For everything there is a season, and a time for every matter under heaven… Ecclesiastes 3:1
Anyone experiencing infertility can tell you how completely it takes over your life. The “big picture” is quickly crowded out by temperature readings and cycle charts and testing and planning and waiting. Waiting. Time passes in increments of degrees, cervical mucus, blood levels, and appointment dates. If you raise your head from the chaos long enough to look around, you are amazed to see your friends and acquaintances blissfully sailing through what you imagine to be their lazy days of worry-free leisure.
A year and a half into our own arduous journey, I conceived through IVF, but lost the pregnancy almost immediately. To say that I was devastated cannot fully describe my feelings at that time. Crushed. Defeated. Hopeless. This had been our first IVF cycle, and the journey to that point felt like it had been so long – tests, appointments, research, questions, vitamins, acupuncture, insurance companies, naturopathy, bloodwork, ultrasounds, shots, pills, and procedures. I felt as if I had climbed a mountain only to find that I was shoved back to the bottom and told to climb it again. Even if we tried again as soon as we could, I knew we had been set back by three months – the amount of time it would take to get back on cycle and get the needed medications to make our way back to the table for an egg retrieval and embryo transfer. Three months. I couldn’t bear it. My clock ticked too loudly for me to accept “wasting” another three months.
The context of my life at the time offered little support. My father had died two months before, and I had found the fertility circus to be a rude distracter from grieving Dad’s death and protecting a place in my life for his memory. As a social worker, my work involved investing little pieces of myself into others on a daily basis. Emotionally, I had nothing left to tap. I was empty. I moped around work and home. I felt like no one understood my grief, because infertility and pregnancy loss are not things one talks about, and I did not know when or with whom it was “appropriate” to share the extent of my loss.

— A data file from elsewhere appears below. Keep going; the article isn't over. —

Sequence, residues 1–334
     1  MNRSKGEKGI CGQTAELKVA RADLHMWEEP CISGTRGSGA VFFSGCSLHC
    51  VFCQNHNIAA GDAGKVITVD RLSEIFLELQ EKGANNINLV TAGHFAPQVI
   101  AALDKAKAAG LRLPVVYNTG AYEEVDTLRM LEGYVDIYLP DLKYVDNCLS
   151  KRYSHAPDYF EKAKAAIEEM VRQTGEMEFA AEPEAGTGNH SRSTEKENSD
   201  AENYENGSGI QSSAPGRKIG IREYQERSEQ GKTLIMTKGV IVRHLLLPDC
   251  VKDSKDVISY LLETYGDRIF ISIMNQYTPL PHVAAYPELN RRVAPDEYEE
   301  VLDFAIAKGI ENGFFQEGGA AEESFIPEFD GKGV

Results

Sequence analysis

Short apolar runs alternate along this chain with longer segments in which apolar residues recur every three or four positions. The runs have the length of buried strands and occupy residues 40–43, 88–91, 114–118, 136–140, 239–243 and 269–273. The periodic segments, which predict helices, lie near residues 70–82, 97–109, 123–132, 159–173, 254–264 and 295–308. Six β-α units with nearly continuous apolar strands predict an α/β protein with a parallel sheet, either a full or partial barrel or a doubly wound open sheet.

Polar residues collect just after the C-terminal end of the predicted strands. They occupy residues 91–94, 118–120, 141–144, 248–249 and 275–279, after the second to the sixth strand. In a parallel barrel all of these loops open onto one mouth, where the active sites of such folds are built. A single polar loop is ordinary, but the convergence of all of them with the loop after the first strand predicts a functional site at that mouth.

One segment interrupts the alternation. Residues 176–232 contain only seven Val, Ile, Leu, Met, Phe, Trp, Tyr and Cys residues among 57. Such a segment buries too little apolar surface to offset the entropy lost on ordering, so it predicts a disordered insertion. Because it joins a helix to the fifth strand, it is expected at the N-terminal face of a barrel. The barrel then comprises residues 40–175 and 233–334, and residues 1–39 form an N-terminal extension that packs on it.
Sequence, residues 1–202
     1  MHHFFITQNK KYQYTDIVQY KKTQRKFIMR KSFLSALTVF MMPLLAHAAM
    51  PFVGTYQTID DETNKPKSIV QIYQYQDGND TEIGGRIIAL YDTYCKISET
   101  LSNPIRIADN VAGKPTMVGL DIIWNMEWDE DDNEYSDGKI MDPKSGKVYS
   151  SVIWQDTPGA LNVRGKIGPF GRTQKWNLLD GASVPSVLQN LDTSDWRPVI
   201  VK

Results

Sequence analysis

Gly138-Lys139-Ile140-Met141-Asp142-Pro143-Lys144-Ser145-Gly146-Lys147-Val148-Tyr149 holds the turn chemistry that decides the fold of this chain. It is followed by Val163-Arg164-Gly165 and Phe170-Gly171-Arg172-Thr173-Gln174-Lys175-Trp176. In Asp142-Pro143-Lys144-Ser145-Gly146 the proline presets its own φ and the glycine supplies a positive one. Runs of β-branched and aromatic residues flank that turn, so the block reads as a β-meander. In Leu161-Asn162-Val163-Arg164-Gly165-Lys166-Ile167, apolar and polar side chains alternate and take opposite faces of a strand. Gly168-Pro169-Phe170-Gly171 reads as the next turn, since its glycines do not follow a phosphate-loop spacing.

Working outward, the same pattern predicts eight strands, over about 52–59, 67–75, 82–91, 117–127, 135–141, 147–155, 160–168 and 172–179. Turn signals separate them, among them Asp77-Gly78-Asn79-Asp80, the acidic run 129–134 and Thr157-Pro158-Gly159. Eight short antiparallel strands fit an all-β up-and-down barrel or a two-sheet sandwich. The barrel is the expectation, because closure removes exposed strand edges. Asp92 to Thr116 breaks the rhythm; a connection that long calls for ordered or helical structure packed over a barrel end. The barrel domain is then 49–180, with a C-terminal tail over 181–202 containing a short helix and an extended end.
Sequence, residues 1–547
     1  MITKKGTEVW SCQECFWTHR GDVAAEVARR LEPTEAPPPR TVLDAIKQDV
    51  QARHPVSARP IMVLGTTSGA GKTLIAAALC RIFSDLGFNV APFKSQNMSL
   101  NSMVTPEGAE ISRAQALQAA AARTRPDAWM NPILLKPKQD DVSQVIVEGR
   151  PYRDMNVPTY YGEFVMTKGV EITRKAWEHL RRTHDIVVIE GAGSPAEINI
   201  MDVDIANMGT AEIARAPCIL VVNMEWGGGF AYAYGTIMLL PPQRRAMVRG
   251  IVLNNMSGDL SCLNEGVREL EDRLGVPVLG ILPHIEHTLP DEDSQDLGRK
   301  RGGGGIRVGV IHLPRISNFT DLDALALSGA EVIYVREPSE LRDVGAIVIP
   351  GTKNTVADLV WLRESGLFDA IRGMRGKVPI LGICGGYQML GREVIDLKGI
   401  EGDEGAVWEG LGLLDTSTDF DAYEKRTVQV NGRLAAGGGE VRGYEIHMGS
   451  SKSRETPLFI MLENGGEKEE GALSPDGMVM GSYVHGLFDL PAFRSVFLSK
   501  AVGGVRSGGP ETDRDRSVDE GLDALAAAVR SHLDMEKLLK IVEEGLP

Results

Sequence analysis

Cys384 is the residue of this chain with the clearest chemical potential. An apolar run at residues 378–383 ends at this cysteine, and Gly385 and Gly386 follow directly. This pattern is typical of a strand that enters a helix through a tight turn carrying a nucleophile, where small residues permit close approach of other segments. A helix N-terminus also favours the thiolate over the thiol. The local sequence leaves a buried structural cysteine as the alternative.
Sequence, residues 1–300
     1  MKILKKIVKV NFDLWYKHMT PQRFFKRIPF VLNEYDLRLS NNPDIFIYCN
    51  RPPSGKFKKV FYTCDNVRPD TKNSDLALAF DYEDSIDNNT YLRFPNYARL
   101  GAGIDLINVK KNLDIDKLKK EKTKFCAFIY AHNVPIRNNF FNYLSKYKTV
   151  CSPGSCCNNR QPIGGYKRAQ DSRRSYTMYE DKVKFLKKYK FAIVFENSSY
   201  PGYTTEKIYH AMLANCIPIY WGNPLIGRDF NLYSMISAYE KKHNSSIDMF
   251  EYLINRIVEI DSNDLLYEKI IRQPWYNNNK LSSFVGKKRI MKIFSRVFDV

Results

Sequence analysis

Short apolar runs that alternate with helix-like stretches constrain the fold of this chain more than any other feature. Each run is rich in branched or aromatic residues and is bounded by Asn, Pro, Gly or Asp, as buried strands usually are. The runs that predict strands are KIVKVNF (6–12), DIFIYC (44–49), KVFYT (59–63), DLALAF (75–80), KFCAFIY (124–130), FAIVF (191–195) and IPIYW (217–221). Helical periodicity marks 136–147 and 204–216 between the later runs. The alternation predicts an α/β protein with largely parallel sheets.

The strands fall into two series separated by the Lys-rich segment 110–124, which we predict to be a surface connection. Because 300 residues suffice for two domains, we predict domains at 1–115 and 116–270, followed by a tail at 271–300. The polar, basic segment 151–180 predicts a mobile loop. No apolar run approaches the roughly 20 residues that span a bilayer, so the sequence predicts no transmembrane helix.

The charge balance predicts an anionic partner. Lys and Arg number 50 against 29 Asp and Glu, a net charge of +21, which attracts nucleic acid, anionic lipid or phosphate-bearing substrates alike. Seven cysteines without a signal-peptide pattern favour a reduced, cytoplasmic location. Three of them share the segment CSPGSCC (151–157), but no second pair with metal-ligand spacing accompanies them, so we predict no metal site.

One Saturday I donned my gardening gloves and hat and set myself to weeding a flower bed in the back yard. It was a hot day in late August and it wasn’t long before I’d worked up a sweat with my digging and tugging. As I stood to stretch and take a breath, my gaze lingered on the dense greenery growing at the yard’s edge. I noticed the grass in the yard turning brown, and admired the azaleas that had been covered in blooms a few months before. The trees were still full of leaves, but I knew in another month the green leaves would change to yellow and brown and carpet the lawn at my feet. In my head I counted the seasons we had seen pass by in the years we had lived in our house. What was a season? Three months. Three months was the time between now and when I would see the first snowflakes fall. On the coldest day of a Massachusetts winter, one knows that three months is enough time to fill in the floor of the winter-stripped woods with lush spring-green ferns and see the first blooms venture out from the once frosty ground. How many of these seasons had flown past with little notice from me? How many of these miracles accomplished in three-month increments had I disregarded?
On that late summer day, I found myself washed and healed by the rhythm of God’s world around me – a world that would keep spinning and cycling through season after season. My tired heart began its turning from grief to hope, and in that moment, I knew I could climb back up the mountain. I didn’t know how many times, or how long the journey would take, and I had no idea what would be found on the other side. But there was nothing to do but climb. My hope that day sprang from the promise that the path would rise to meet my steps, as God’s miraculous earth turned steadily, reliably, beneath my feet.